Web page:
Life is always on the edge of death; narrow streets lead to the same place as wide avenues, and a little candle burns itself out just like a flaming torch does. I choose my own way to burn.
  • People believe that we live in the end times, and many terrible signs make such a belief all too credible. But isn't it irrelevant? Don't we all realize that, no matter when we live, God can call us at a moment's notice? How do I know if I'll even be alive tomorrow morning? A bomb could fall tonight and kill us all; and still my guilt would be no smaller than if I were to go down with the earth and all the stars.
  • The only remedy for a barren heart is prayer, however poor and inadequate … We must pray, and pray for each other, and if you were here, I'd fold hands with you, because we're poor, weak, sinful children. Oh, Fritz, if I can't write anything else just now, it's only because there's a terrible absurdity about a drowning man who, instead of calling for help, launches into a scientific, philosophical, or theological dissertation while the sinister tentacles of the creatures on the seabed are encircling his arms and legs, and the waves are breaking over him. It's only because I'm filled with fear, that and nothing else, and feel an undivided yearning for him who can relieve me of it.
  • The real damage is done by those millions who want to "survive." The honest men who just want to be left in peace. Those who don't want their little lives disturbed by anything bigger than themselves. Those with no sides and no causes. Those who won't take measure of their own strength, for fear of antagonizing their own weakness. Those who don't like to make waves — or enemies. Those for whom freedom, honor, truth, and principles are only literature. Those who live small, mate small, die small. It's the reductionist approach to life: if you keep it small, you'll keep it under control. If you don't make any noise, the bogeyman won't find you. But it's all an illusion, because they die too, those people who roll up their spirits into tiny little balls so as to be safe. Safe?! From what? Life is always on the edge of death; narrow streets lead to the same place as wide avenues, and a little candle burns itself out just like a flaming torch does. I choose my own way to burn.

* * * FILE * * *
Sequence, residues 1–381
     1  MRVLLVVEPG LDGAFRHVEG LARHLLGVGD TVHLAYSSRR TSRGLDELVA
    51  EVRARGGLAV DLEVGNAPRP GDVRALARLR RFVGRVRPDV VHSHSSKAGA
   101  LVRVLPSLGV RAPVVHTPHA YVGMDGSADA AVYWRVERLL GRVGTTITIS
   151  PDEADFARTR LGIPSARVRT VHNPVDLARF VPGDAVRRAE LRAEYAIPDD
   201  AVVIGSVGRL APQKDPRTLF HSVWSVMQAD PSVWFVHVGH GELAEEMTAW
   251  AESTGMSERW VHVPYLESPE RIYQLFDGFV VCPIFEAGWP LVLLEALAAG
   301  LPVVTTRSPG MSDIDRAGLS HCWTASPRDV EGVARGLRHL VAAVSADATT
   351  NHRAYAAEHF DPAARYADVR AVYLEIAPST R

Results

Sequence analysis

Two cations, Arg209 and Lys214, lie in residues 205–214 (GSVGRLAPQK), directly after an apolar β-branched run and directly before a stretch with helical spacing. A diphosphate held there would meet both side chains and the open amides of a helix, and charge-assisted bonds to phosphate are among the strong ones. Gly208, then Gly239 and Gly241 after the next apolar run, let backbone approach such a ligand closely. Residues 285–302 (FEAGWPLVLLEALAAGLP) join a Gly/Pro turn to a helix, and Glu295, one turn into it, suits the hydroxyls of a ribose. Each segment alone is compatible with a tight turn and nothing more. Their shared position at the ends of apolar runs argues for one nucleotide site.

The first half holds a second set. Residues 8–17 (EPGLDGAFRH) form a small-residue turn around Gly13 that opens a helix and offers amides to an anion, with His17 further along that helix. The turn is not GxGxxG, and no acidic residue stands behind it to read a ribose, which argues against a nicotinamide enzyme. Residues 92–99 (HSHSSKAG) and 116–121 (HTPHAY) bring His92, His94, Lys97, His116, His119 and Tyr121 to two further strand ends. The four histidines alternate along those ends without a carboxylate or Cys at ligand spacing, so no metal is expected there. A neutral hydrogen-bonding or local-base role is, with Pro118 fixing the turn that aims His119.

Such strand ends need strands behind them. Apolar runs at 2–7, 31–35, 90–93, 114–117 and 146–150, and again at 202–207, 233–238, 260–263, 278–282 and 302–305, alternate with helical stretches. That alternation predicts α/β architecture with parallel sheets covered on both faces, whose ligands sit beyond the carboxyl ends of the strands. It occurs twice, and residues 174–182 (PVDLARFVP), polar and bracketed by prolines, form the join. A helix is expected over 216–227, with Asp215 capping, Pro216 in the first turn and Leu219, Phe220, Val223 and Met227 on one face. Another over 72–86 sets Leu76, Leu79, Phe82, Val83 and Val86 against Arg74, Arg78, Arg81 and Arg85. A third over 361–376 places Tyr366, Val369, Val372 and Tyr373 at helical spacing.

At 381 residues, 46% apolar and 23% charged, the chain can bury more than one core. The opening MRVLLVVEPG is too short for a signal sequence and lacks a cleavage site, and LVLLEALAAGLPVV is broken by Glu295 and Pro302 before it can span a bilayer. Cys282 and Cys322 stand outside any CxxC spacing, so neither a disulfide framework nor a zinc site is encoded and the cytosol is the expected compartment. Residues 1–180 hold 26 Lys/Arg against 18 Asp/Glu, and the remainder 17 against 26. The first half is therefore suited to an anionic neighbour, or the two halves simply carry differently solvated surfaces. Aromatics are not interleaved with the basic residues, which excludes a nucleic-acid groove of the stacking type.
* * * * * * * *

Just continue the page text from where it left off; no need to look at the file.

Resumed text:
Disputed

The Sun still shines.
  • Die Sonne scheint noch.
    • The Sun still shines.
      • These were her last words as depicted in the film, Sophie Scholl - The Final Days (2005), which was heavily based on Gestapo documents that were in East German archives and not released until 1990. Her last words have also been reported as "God, you are my refuge into eternity" or sometimes "Your heads will fall as well" but there is dispute over whether Sophie or her brother Hans had said this. Hans' last words have been reported as having been Es lebe die Freiheit! ["Long Live Freedom!"].

Quotes about Scholl and the White Rose

The White Rose really has a more symbolic value, but that's a very important value. ~ Jud Newborn
  • It is possibly the most spectacular moment of resistance that I can think of in the 20th Century... The fact that five little kids, in the mouth of the wolf, where it really counted, had the tremendous courage to do what they did, is spectacular to me. I know that the world is better for them having been there, but I don't know why.
  • Of course, the terrible things I heard from the Nuremberg Trials, about the six million Jews and the people from other races who were killed, were facts that shocked me deeply. But I wasn't able to see the connection with my own past. I was satisfied that I wasn't personally to blame and that I hadn't known about those things. I wasn't aware of the extent. But one day I went past the memorial plaque which had been put up for Sophie Scholl in Franz Josef Strasse, and I saw that she was born the same year as me, and she was executed the same year I started working for Hitler. And at that moment I actually sensed that it was no excuse to be young, and that it would have been possible to find things out.
  • The tolerant and open atmosphere of their childhood had enabled them to see through Hitler's platitudes at the Nuremberg Rally, when the brother and sister were members of Nazi youth organizations. Nearly all their peers were completely won over by the Führer, whereas Hans and Sophie had other, higher expectations of human nature, not shared by their comrades, against which they could measure Hitler.
    • Alice Miller on Sophie and Hans Scholl's resistance to the social engineering of the Nazi regime, in Thou Shalt Not be Aware (1984).
  • You can't really measure the effect of this kind of resistance in whether or not X number of bridges were blown up or a regime fell... The White Rose really has a more symbolic value, but that's a very important value.

External links